In the above, I was intending to convey that while options can be quite risky, there are several types of options trades that have less risk than or similar risk to simply being outright long stock. Here, and I think it is obvious, I am speaking of equity risk which is the primary reason for the existence of an equity derivative like an option.

In the case of a synthetic forward, the core economics of equity exposure, for practical purposes with perhaps some technical caveats, are very similar to being outright long stock. Obviously different features of options, like having expirations and embedded interest rates, make those aspects different than simply being long stock.

Synthetic forwards are traded daily in enormous size by institutional trading desks to very closely mimic the economics of the underlying equity risk. At a high level, I don’t think most people who are knowledgeable about options pricing would disagree with the basic premise of the statement “A long call plus a short put is equivalent to being long a stock,” with it being understood that the equivalency is in terms of equity risk (no one would think I mean expiration risk, for example) because a synthetic forward, and its relation to the underlying equity, is one of the fundamental features of options pricing.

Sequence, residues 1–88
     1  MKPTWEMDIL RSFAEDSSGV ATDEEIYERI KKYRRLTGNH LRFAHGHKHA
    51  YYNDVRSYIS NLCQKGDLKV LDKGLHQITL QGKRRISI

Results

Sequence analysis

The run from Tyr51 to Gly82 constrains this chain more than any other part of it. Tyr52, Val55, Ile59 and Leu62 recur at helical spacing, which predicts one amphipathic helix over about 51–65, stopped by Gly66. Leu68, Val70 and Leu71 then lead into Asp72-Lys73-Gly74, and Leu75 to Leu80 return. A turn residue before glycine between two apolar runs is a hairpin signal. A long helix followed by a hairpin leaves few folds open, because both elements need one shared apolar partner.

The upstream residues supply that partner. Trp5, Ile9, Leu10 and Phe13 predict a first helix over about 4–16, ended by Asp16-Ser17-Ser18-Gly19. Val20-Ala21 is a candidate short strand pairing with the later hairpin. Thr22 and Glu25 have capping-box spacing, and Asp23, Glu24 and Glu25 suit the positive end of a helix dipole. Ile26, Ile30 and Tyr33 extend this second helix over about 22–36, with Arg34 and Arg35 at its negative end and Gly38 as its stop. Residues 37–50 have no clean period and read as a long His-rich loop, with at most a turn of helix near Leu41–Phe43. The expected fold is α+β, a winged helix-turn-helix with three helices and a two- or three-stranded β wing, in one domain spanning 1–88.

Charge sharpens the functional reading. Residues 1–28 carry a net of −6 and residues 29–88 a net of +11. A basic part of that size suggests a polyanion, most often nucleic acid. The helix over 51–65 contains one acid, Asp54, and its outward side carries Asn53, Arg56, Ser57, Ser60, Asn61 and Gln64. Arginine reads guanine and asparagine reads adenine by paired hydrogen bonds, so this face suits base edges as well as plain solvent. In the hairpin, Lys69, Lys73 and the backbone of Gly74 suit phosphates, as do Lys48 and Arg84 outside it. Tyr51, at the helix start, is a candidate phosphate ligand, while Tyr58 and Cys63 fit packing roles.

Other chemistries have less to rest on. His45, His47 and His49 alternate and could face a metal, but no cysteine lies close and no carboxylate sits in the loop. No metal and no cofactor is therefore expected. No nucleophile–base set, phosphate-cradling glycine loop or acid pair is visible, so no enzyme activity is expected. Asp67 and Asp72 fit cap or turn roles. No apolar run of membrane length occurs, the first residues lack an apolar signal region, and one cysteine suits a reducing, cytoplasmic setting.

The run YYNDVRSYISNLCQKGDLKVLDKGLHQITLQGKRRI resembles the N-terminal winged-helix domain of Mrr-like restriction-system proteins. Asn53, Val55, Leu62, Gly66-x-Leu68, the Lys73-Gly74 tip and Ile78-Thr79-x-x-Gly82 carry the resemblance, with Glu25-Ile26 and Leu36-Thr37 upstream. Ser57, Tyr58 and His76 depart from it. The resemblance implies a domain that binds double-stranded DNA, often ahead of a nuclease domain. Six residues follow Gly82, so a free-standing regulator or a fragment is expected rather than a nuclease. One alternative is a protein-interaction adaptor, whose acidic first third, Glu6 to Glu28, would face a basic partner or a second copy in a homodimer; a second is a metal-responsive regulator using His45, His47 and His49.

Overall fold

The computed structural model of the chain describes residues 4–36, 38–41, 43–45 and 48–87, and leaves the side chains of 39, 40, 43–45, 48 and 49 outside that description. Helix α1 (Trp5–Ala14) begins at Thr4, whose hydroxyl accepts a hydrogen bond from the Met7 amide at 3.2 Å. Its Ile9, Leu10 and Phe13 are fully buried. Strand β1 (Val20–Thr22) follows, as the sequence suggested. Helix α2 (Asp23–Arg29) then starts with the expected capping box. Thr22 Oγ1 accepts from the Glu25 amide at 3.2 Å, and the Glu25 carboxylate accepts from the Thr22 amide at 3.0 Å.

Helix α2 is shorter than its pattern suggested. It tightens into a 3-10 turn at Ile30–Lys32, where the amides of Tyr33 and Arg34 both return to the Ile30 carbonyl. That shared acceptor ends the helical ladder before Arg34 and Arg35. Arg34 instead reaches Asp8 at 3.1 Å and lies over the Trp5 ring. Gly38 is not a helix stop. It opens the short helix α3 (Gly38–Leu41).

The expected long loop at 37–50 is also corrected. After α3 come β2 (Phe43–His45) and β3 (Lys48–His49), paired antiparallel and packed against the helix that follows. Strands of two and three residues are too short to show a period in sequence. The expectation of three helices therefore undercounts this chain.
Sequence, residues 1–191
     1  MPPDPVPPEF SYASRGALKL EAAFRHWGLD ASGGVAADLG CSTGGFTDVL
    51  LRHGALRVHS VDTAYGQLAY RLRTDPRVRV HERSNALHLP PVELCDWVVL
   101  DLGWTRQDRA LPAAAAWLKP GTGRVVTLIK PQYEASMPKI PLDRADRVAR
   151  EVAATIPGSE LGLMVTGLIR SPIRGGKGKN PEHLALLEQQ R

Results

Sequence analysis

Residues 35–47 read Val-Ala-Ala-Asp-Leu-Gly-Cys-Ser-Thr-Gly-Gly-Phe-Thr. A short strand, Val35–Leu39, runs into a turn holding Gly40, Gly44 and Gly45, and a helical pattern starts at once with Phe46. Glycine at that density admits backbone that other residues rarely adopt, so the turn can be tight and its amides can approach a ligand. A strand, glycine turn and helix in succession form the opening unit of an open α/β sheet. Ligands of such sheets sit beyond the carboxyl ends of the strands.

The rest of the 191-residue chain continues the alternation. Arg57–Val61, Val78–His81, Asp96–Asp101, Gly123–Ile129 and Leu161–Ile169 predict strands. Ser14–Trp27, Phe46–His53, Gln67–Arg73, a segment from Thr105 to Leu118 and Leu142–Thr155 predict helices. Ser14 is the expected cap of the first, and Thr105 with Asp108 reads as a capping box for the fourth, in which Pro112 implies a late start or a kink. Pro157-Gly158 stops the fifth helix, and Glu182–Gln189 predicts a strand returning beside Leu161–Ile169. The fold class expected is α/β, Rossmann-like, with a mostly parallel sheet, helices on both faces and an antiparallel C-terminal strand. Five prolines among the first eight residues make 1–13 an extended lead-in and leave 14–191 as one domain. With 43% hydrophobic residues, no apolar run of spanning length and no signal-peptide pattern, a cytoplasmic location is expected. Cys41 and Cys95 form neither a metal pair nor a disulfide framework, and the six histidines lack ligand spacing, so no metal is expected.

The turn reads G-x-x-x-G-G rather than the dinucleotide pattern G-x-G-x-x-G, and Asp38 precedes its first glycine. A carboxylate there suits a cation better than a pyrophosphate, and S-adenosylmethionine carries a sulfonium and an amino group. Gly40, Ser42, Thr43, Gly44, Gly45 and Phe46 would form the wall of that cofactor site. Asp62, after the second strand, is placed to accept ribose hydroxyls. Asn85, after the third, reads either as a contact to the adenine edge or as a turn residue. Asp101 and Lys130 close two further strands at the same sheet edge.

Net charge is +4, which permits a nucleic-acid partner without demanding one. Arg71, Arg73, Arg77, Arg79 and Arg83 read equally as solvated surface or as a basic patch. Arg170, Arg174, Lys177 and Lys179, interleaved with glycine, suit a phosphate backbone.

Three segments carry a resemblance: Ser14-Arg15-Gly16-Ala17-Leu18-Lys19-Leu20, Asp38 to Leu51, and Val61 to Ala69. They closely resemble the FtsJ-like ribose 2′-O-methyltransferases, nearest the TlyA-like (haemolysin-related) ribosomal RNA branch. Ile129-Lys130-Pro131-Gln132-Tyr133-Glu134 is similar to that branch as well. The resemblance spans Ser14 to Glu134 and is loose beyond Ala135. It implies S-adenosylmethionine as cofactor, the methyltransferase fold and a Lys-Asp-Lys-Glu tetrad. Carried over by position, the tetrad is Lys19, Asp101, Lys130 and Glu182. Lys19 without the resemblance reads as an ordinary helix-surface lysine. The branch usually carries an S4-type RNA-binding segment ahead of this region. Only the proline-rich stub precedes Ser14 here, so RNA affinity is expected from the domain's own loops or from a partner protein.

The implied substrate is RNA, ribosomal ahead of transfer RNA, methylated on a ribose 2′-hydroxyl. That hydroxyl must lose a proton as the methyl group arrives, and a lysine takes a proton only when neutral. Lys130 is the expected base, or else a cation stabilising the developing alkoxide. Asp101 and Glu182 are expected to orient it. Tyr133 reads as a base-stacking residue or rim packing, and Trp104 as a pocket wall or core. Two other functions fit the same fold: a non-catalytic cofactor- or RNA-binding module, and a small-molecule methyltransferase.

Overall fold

I don’t understand that if you say “I know what it is, and I know what it’s called,” that you would also say “I don’t see how this can be true.” If you know what it is, why are you asking for an explanation of this basic feature of options?

You also said, “I am saying that it isn’t equivalent (as was asserted) in some important ways.”

Can you please elaborate on the various important ways that there isn’t equivalency so I can better understand what you are getting at?